At 16 she should have an IEP for an emotional disturbance with the level of behavior you describe - lack of attendance is truancy and therefore a school issue. It may be worth it to argue the point with the school district. My bipolar 16 year old stepson - a different child from the one I mentioned above - qualified for an IEP after he tried to kill himself and was hospitalized for three months recovering. He was immediately placed in a therapeutic day school for children with emotional problems. He is still struggling in many ways but he is doing much better. Their support has been a game changer for him.

    Keep us posted, we care and we're here!
     
  5. Snow White

    Snow White Temporarily in the Magic Kingdom

    Hi Knifetomyheart. Welcome here - sorry that you had to land here. I just read your post and it instantly brought back all the memories of our daughter during those teen years.

    We were in the exact same shoes. Started when she was young - she had all of the services and professionals at her beck and call but they did not work. She was violent, deceitful, made really bad impulsive decisions and constantly ran away. She had an IEP in place but would eventually become abusive with school staff - transferred to different schools and then to a treatment type of school (both locked and unlocked). Those didn't work. We couldn't keep her safe. We signed a voluntary placement order when she was 12 years old (for a 1 year period) and that was the hardest thing I have ever done. Things were looking up a bit and it was felt that an additional 6 to 8 months would be a benefit. She returned home and the nightmare continued until she took off to literally "join the circus" at 18 years of age. Her behaviour pretty much ruined any chance at a normal family life. She ruined relationships with extended family, so that was not an option for us.

    If the lithium and geodon aren't giving good results, it might be time for the specialists to revisit her medications. Ours would respond briefly to medications but it was not long-lasting. She has been on everything from lithium to valproic acid. Your daughter sounds very much like our daughter, who is now diagnosed with borderline personality disorder (and probably an element of antisocial personality disorder) - medications don't really help. The anger, manipulation and physical violence are often too much to take and nothing seems to slow it down. The rage can be instantaneous (shoelace doesn't tie up properly), catching everyone off guard. We once missed a funeral because of a meltdown at the back door as we were getting ready to leave.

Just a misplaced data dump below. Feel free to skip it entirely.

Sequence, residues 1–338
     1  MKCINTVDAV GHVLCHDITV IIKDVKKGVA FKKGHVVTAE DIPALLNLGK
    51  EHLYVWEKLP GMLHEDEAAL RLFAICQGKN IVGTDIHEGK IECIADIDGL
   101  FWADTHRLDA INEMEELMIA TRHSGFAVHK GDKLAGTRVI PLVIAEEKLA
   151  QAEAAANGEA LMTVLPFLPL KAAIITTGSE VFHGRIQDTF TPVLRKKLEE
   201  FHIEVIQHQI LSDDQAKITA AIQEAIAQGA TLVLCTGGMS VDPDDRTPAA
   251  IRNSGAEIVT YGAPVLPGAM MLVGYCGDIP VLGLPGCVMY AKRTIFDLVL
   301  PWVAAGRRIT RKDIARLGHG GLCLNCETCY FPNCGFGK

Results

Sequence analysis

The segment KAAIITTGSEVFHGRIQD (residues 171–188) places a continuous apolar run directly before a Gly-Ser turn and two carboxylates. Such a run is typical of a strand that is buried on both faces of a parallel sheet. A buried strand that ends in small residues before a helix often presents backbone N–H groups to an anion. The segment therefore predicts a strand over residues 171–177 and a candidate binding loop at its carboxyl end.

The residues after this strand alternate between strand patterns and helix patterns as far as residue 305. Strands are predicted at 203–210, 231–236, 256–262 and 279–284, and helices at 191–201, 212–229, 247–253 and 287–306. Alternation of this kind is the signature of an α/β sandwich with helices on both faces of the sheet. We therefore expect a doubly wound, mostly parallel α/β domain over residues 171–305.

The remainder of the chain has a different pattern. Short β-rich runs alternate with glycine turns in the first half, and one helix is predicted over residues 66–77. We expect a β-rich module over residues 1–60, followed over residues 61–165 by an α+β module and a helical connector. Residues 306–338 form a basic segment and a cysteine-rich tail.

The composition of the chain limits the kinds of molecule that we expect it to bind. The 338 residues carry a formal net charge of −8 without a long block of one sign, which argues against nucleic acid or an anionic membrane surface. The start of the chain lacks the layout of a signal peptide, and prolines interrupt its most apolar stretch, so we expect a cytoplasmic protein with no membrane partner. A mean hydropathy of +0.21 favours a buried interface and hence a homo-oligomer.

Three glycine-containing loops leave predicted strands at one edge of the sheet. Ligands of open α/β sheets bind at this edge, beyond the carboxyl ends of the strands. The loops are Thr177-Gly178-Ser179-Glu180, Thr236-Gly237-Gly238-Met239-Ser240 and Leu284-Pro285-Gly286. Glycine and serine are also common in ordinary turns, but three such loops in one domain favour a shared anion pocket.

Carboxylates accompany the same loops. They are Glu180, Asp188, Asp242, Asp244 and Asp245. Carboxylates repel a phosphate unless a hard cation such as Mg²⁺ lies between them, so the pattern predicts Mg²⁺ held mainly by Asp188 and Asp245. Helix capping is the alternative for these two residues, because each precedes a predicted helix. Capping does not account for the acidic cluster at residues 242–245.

There is no right answer for you and your family. I don't know a lot about services in the US, so I can't comment or add anything to SWOT's reply for residential-type services. Have you and your family been for counselling/therapy? That might be beneficial for you, as you try to outline a plan.

    Keep coming back here. The support is so very helpful.

    Hugs to you.
     
  6. Check and see if she qualifies for Medicaid through a mental health waiver. Our son has bipolar disorder as well and has Medicaid in addition to our regular health insurance. He’s been in residential treatment for 12 months twice when he was younger and Medicaid paid for almost all of it.
     
  7. ksm

    ksm Well-Known Member

    Yes, please check on the Medicaid waiver for SED...Severely Emitionally Disturbed. At least that is what it's called in our state.

    Also, ask her psychiatrist or family doctor about DNA testing to find the best medication for her. It helps to know if she us an ultra rapid metabolizer or a poor metabolizer of her medications. Check to see if it's a covered expense first as it might be pricey without ins. Coverage.

    I've had quite a few struggles too... Juvenile court system is a joke. The DA threatened us with child neglect...as I told him I wanted to leave her in detention until she saw the judge. I believe they have 48 hours (excluding holidays and weekends). So... We picked her up, and she ran off before her court date. Came back 3 days later, I notified them, they didn't take her in, ran off again, 5 days later ran again. Found by police, finally kept in detention for 5 days.

    Juvenile justice... What a joke. Ksm
     
  8. Triedntrue

    Triedntrue Active Member

    Adult detention and mental health system is not so hot either.
     
  9. Nomad

    Nomad Well-Known Member

    Some (admittedly small) ideas based on our daughter with same diagnosis:
    1. The cell phone can be a major incentive.
    2. She likely needs a medication change.Something, perhaps stronger or more calming. Lithium should work, but doesn’t always. We had little help with that drug and NONE with Geodon.
    Seroquel and Abilify work well.

    ——Risperdal is a good temporary medication to use with very erratic behaviors.

    3. Any chance she would go to weekly therapy and/or group therapy?
    Can you get it court mandated?
    4. Baker Act her every time she is violent...different names in different areas. Call police and state that she is a danger to herself and others. Likely will put her in a facility for 24 hours.
    5. See if there are Families Anonymous meetings in your area. Local people probably know of good local resources.
    6. Start a good medical file and rapport with doctors as she might not be able to work and would then qualify for disability.
    7. If you haven’t done so already, see a therapist for yourself at least now and again. This stuff is VERY hard.